• Ilma Danielienė

To Open or Not to Open: The Existential Question of Allowing Tourism

Updated: Mar 22

As April approaches, it is clear that the earlier optimism expressed by Greek and Cypriot tourism officials may be misplaced. Although no one doubts the necessity of opening to tourist inflows in a country where tourism accounts for at least 20% of GDP, the practical modalities of doing so in the middle of the Third Wave remain in doubt.


Cyprus



Cyprus has officially stated that Russian tourists will be welcome in Cyprus from April 1st, and British tourists from May 1st. The problems with this are obvious:


  • The third wave of coronavirus cases has started in Cyprus and lockdown measures are still in effect. No policy has been announced for tourists, but there is a backlash among local residents wondering what freedoms tourists will be allowed.

  • Cyprus had already claimed that Russians could travel to Cyprus from March 1st, and was forced to delay the opening. Russia has not yet been placed in the countries allowed to enter Cyprus. Russia is currently recording approximately 9,000 new cases per day, which is well above an epidemiologically safe level to allow entry.

  • Although Cyprus has stated that British tourists will be able to arrive on May 1st, the British government has signalled that tourists will not be able to leave England before May 17th.

Cyprus implemented nearly 100,000 vaccines as of 8 March. We are clearly in a race against time to see what may happen with the summer tourist season. While there has been a rise in bookings for the summer, the virulence of the third wave and the discovery of new strains continues.


Our forecast is that we will be lucky to have 40% of 2019 arrivals this year, or about 1.6 million tourists. But until we can open safely, and until there is parity between tourists and residents, that will be difficult to achieve.

Greece



The third wave in Greece appears even more virulent than the second wave, but is occurring in relatively looser conditions of lockdown. The Greek government is now resorting to a regional lockdown strategy.


In January 2021, the Greek government had announced the idea of a travel passport for patients who have been vaccinated. That proposal has been taken up and supported by the European Commission. However, it remains to be seen if the passport will be ready in time.


France


France has just announced a third lockdown, targeting Paris and other regions. Only 5.6 million people had received the first dose of the vaccine as of 21 March.



United Kingdom


The UK is seeing a gradual tapering off of the third wave. This has been helped by the highly rapid roll-out of the vaccine. By 20 March, 27.6 million people had received the first dose of the vaccine. Recent vaccinations have been running above 500,000 people per day. This is excellent progress. The government has advised its citizens to keep travel to a minimum. Foreign holidays will not be allowed to start by 17 May 2021.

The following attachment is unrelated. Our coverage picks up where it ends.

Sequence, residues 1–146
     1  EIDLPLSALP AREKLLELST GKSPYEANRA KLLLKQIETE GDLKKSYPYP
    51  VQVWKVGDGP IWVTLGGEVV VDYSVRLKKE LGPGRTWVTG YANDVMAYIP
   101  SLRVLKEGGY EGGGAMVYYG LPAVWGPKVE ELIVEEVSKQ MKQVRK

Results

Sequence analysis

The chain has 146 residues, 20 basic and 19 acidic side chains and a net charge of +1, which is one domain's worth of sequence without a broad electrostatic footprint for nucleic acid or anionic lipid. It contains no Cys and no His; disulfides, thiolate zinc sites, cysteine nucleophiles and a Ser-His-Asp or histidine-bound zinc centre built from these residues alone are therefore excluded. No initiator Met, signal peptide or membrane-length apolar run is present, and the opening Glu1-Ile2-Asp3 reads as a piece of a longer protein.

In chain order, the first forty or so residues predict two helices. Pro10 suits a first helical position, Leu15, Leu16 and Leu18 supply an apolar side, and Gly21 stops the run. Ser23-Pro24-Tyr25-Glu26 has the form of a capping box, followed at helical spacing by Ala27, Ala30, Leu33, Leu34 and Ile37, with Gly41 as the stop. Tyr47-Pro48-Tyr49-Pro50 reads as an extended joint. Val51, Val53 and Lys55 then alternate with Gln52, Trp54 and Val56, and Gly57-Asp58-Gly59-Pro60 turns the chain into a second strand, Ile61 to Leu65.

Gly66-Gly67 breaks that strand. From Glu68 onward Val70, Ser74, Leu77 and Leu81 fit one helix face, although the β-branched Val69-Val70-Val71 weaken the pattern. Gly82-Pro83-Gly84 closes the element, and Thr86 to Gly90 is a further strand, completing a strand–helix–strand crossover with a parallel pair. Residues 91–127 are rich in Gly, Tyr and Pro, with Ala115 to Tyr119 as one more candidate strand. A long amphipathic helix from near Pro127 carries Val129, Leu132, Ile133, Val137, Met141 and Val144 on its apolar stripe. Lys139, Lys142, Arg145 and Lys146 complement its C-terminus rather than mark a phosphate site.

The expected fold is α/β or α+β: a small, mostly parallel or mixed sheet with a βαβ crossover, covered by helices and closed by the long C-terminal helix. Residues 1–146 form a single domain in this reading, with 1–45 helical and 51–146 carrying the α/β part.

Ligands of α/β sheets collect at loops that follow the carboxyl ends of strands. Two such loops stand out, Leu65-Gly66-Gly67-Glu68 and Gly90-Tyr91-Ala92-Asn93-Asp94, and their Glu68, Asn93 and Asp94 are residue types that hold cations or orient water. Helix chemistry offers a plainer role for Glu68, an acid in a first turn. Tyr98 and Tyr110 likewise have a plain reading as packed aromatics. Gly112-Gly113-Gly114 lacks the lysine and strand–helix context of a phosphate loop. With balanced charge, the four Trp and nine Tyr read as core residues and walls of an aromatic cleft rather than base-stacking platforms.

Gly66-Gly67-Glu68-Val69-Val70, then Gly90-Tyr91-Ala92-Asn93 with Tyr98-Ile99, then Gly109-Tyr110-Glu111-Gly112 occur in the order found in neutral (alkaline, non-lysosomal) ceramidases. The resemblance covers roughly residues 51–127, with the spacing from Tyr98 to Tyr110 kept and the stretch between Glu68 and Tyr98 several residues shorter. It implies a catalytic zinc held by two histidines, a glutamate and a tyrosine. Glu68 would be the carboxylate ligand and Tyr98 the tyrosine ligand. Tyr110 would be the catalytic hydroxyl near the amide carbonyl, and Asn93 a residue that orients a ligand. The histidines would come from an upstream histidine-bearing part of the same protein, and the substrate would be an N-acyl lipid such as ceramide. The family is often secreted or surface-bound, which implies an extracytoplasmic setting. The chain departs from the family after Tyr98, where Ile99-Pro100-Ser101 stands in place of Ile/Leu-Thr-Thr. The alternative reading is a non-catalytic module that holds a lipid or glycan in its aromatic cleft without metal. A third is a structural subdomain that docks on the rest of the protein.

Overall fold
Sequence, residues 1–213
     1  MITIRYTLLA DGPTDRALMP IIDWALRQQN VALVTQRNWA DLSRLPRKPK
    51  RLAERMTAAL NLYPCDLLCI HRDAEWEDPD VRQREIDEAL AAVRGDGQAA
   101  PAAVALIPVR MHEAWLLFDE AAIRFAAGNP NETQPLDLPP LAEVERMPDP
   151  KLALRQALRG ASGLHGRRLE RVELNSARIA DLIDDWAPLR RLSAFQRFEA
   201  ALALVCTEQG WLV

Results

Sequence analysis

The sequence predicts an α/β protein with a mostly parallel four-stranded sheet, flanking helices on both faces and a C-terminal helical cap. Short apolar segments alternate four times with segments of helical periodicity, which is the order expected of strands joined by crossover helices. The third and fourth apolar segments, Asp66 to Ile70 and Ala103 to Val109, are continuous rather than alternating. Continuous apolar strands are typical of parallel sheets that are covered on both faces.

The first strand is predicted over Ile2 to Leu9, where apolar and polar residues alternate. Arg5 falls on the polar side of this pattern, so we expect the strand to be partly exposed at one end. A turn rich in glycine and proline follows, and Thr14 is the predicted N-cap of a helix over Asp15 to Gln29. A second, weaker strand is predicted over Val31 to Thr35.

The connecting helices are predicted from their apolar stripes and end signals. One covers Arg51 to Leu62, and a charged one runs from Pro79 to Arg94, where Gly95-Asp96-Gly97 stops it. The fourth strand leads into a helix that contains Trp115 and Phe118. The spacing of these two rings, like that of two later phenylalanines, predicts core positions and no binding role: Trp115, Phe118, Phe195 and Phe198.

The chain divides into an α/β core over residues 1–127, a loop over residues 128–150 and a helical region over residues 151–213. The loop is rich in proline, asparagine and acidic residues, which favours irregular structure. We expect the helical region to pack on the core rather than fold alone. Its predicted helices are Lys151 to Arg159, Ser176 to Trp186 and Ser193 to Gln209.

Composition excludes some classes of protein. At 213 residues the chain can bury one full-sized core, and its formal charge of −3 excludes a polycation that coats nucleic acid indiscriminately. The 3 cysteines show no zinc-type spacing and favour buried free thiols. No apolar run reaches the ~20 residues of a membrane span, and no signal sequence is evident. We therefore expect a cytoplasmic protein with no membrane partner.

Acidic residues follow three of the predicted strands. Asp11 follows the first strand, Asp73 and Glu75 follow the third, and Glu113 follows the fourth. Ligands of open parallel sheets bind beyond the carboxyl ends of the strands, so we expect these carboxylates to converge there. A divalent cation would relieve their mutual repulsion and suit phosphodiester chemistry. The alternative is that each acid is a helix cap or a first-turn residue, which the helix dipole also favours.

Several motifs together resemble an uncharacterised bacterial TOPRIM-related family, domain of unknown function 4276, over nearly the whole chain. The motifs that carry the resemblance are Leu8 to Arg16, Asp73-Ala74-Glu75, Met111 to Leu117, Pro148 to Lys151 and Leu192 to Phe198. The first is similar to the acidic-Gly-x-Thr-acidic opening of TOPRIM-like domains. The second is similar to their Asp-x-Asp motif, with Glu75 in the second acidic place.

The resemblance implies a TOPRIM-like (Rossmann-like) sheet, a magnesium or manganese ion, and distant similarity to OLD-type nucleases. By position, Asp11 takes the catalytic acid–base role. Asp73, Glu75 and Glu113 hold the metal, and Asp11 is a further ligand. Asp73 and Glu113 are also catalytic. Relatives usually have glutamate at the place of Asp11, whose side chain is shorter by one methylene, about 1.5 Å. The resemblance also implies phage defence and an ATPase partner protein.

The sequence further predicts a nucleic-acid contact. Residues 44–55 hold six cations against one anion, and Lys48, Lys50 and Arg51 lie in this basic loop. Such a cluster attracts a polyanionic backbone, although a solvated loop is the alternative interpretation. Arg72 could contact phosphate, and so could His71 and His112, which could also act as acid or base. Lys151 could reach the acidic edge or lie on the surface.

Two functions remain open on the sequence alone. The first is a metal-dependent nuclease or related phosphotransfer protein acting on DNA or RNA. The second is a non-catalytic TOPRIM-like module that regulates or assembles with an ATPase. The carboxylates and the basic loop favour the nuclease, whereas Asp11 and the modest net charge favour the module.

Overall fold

Germany


Germany is seeing the start of a potential third wave. The country is now considering extending the lockdown until past Easter, possibly into May. According to Google News, 10.47 mln vaccines have been administered until 19 march.



Conclusions


As we forecast on 4 November 2020 and on 12 December 2020, the persistence of the coronavirus has resulted in vastly longer than predicted lockdowns. At the same time, the slowness in vaccine procurement and distribution means that we are in a race against time to “save” the tourist season.


As of 22 March 2021, we believe it will be extremely difficult to talk about a major tourist opening in Greece or Cyprus. We will be lucky to get 40% of 2019 incoming tourism in these two countries.


At the same time, the economic damage already caused is severe:


  • In Greece, public debt in 2020 reached € 374 billion while GDP fell to € 165 billion. In one year, the country added € 43 billion to central government debt. Greece’s debt : GDP is now 227%, and although many official sources are calling this sustainable, we do not see how it can be considered so.

  • In Cyprus, public debt in 2020 reached € 25.2 billion while GDP fell to € 20.8 bln (preliminary figure). Debt : GDP is 121% and can be sustainable assuming the government takes fiscal measures from 2022 and onwards.

  • In the United States, public debt reached $ 28 billion (Federal, State & Local) while GDP fell to $ 21.6 billion. That’s a debt : GDP ratio of 130%, and this does not count semi-governmental organisations.

  • In the US, the Federal Reserve’s balance sheet has now reached over $ 8 trillion, while the European Central Bank’s assets have now reached € 7 trillion.

As we’ve said before: 2021 is only going to show worsening numbers.


Together with a wider political changeover, it is very apparent that we are rapidly heading into a new debt crisis.


As before: We recommend taking all measures consistent with safeguarding public health. At the same time, we cannot help seeing the dark clouds of a new political crisis and a new debt crisis gathering.


Related articles:


COVID Update: Winter of Discontent

Navigator Consulting: 12 December 2021


Coronavirus Update: November 2020

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DBRS Morningstar outlines COVID-19 Economic Risks to Tourism in Greece and Cyprus

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Coronavirus: Black September

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First Indications of the Coronavirus Second Wave

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Are you Second-Wave Ready in Cyprus?

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